The leg­endary Spar­tak mid­field­er built a bright career, but did not find him­self in life after sports.

Fyo­dor Cherenkov was born in Moscow into a sim­ple Sovi­et fam­i­ly: his moth­er worked in the hous­ing office, his father worked at an air­craft fac­to­ry. Fedor start­ed play­ing at the age of three, stud­ied at the Kunt­se­vo school, and at the age of 12 he moved to Spar­tak.

Spartak fan who became a club legend

Fedor’s father took him to match­es, and the boy, fol­low­ing his father, became a Spar­tak fan.. In 1977, the young man’s dream came true — Niko­lai Starostin invit­ed him to join Spar­tak. Then coach Kon­stan­tin Beskov took the 19-year-old promis­ing mid­field­er to the main team.

In 1978, Cherenkov made his debut for the first team of Spar­tak. . Back then, few could have imag­ined that the puny guy (174 cm tall and weigh­ing 58 kg) would become the leader of the “red-whites”.

“Even as a child, play­ing with guys much old­er in age, I real­ized: in order to beat a phys­i­cal­ly more pow­er­ful oppo­nent, you need to be able to pre­dict his moves, quick­ly nav­i­gate the game envi­ron­ment, and always have one or two drib­bling feints in reserve,” said Cherenkov .

For many years, Cherenkov remained the leader of Spar­tak and was rec­og­nized sev­er­al times as the best foot­ball play­er in the USSR. Cherenkov played his farewell match on August 23, 1994, when Spar­tak met with the Ital­ian Par­ma.

Before the match, a wel­com­ing let­ter to Cherenkov from Russ­ian Pres­i­dent Boris Yeltsin was read out; a gift was attached to the let­ter — three-room apart­ment in Moscow. And Tama­ra Gverdt­siteli per­formed her famous song “Vivat, King, Vivat!”

Mental illness and death

After his career end­ed, Cherenkov’s health rapid­ly dete­ri­o­rat­ed. Prob­lems appeared dur­ing my career: in 1984, doc­tors diag­nosed the foot­ball play­er with a men­tal dis­or­der, which caused severe depres­sion.

That year, Cherenkov had an attack — he threw a tantrum in a cafe­te­ria in Tbil­isi. The foot­ball play­er shout­ed that they want­ed to poi­son him and asked every­one to hide. Want­i­ng to hide from non-exis­tent ene­mies, the play­er Fedor did not jump from the 16th floor of the hotel.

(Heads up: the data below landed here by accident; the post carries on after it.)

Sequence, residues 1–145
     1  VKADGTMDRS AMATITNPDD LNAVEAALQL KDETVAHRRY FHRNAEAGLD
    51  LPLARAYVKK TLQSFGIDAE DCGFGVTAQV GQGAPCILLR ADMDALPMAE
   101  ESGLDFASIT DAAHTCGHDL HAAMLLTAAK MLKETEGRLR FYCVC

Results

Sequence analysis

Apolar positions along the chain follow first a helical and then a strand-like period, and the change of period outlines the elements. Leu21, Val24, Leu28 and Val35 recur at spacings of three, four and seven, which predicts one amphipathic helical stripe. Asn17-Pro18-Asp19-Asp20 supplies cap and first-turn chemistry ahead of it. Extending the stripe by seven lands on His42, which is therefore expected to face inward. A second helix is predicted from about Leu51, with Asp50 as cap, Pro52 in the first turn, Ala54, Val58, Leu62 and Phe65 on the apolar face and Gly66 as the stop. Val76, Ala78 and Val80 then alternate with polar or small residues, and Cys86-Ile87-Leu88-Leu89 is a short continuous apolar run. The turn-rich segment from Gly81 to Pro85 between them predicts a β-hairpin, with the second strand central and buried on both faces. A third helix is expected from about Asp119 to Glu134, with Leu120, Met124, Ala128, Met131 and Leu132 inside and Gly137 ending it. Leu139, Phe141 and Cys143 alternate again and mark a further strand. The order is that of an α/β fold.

“It seems to me that if the treat­ment had been com­plet­ed, per­haps the dis­ease would have gone away alto­geth­er,” said the athlete’s broth­er. “Every­thing had to be done in accor­dance with the doctor’s strict instruc­tions — to bring the patient to real improve­ment. It was pos­si­ble. But he didn’t treat doc­tors very well and returned to Spar­tak at the first oppor­tu­ni­ty — be it dur­ing his career or play­ing for vet­er­ans.”

At the end of his career, Cherenkov worked briefly with the youth of Spar­tak, but in the future he could not cope with the work of a coach. He lived qui­et­ly, tak­ing part in var­i­ous vet­er­ans’ tour­na­ments.

In the ear­ly 2000s, Cherenkov fell into a deep depres­sion and twice tried to com­mit sui­cide. Reli­gion saved him from despair: the mid­field­er went to a monastery near Ivano­vo, com­mu­ni­cat­ed with the abbot, and worked as a labor­er. To the sur­prise of his rel­a­tives, Fedor felt bet­ter there, but he could not com­plete­ly over­come the ill­ness.

On Sep­tem­ber 22, 2014, Cherenkov lost con­scious­ness at his entrance and was tak­en to the clin­ic in seri­ous con­di­tion. Two weeks lat­er he died; experts named a brain tumor as the prob­a­ble cause of death. Cherenkov was buried at the Troekurovsky ceme­tery in Moscow, and more than 15 thou­sand peo­ple came to say good­bye to the leg­end.